A group of G20 finance ministers met over the weekend to discuss closing loopholes used by tech giants to reduce their corporate taxes.
The hope is that common rules across would stop companies like Apple booking their profits in low-tax countries, such as Ireland. This is currently done regardless of where end customers may be located.
“At the moment we have two pillars and I feel we need both pillars at the same time for this to work,” said Japanese finance minister Taro Aso.
“The proposals are still a little vague, but they are gradually taking shape.”
“We truly believe that the tech giants, which are not only the GAFA, must pay their fair share of tax where they create value and profits,” said Pierre Moscovici, the European Union Commissioner for Economic Affairs. GAFA refers to Google, Amazon, Facebook and Apple.
The ‘two pillar’ approach
According to Reuters, there are two “pillars” the proposals rest upon:
“The first pillar is a plan to divide up the rights to tax a company where its goods or services are sold, even if it does not have a physical presence in that country. If companies are still able to find a way to book profits in low-tax havens, countries could then apply a global minimum tax rate to be agreed under the second pillar.”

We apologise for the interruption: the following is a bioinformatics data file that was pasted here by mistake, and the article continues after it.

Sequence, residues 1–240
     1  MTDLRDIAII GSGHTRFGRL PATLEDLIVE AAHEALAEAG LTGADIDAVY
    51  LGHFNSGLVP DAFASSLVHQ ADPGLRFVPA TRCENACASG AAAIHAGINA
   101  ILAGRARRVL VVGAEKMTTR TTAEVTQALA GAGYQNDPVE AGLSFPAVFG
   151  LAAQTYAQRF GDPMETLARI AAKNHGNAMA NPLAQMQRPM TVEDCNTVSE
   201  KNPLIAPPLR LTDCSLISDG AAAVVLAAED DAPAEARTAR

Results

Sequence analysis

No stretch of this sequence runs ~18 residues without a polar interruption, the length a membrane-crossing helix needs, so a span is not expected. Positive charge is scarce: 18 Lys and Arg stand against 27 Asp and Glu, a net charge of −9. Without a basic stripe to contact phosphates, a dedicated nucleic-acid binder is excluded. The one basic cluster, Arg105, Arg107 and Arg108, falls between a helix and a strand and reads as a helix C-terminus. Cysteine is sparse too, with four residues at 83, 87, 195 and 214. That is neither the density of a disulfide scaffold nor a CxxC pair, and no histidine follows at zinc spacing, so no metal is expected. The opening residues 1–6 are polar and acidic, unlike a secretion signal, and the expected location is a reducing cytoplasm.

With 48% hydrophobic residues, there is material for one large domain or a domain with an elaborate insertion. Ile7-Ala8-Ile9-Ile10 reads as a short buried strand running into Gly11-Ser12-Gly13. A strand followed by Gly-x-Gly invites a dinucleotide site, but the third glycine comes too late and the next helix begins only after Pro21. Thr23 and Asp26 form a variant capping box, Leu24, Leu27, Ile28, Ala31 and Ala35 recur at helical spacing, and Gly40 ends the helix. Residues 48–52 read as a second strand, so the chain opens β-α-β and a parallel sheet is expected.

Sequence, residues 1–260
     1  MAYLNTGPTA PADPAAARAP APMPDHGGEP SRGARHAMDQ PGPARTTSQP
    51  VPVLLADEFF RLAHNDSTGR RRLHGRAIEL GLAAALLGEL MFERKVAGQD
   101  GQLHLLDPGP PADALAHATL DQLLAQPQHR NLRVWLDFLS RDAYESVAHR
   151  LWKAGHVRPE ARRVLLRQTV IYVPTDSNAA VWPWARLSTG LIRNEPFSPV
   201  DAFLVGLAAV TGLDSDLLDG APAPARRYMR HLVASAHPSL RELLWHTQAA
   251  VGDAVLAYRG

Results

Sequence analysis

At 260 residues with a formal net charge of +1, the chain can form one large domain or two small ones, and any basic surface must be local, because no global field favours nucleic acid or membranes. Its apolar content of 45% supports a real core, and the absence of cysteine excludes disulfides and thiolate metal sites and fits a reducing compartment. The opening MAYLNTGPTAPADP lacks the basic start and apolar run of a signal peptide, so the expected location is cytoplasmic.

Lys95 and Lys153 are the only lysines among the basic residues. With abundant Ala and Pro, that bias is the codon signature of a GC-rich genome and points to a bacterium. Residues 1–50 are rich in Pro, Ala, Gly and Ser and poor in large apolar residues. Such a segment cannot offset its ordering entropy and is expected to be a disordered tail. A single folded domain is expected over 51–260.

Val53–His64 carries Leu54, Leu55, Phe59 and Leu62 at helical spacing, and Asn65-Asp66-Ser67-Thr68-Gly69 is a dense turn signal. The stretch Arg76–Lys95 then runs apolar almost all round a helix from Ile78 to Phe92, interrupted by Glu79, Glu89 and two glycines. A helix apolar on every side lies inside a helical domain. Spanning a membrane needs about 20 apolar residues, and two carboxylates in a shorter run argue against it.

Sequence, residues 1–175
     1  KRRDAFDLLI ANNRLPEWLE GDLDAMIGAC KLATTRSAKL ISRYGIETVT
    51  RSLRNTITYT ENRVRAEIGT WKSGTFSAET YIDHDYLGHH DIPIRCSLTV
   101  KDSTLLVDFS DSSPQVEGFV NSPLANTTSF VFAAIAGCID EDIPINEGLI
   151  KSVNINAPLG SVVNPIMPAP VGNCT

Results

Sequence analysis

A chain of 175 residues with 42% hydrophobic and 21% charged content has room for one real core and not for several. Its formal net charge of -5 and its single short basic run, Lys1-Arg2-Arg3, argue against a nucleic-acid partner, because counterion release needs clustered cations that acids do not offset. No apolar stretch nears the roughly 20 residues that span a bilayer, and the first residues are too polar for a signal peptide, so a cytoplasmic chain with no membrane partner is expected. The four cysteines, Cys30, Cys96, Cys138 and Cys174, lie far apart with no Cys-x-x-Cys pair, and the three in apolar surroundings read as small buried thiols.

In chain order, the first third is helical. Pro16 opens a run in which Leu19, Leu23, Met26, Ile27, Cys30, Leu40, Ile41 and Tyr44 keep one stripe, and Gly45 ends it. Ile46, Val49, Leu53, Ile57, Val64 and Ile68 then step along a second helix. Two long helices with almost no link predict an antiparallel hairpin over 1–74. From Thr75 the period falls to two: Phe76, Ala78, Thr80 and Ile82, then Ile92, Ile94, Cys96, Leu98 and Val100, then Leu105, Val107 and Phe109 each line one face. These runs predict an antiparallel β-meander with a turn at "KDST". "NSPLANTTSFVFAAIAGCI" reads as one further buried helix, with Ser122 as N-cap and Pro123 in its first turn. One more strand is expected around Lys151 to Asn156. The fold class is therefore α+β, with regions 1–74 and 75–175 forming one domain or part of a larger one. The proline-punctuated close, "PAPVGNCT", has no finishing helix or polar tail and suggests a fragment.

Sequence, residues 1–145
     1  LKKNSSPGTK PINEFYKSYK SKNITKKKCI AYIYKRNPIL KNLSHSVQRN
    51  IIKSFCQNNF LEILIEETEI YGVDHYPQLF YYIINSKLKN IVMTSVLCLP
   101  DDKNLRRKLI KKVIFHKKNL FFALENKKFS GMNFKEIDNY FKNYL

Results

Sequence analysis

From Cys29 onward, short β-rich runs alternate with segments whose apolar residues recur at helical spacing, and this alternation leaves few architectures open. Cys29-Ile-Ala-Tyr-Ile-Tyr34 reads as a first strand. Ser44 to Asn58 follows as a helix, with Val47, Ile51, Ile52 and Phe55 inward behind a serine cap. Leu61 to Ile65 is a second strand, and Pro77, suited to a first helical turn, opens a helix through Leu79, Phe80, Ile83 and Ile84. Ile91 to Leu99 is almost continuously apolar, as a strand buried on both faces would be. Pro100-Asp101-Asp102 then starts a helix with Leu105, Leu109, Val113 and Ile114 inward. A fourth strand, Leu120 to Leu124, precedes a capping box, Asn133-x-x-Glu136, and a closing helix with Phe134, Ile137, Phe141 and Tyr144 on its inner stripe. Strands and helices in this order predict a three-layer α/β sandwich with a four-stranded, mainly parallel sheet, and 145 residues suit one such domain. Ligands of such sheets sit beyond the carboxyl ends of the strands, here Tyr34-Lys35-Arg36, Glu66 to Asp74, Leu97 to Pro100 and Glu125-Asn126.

Whether the results of these talks wind up being signed into law remains to be seen. While this topic has certainly seen increased momentum recently, there are still hurdles.
Not only will tech companies likely push back, but getting different countries with different priorities to agree is also a challenge. For example, Britain and France have a very different view to the U.S., which worries that American tech companies are being unfairly targeted.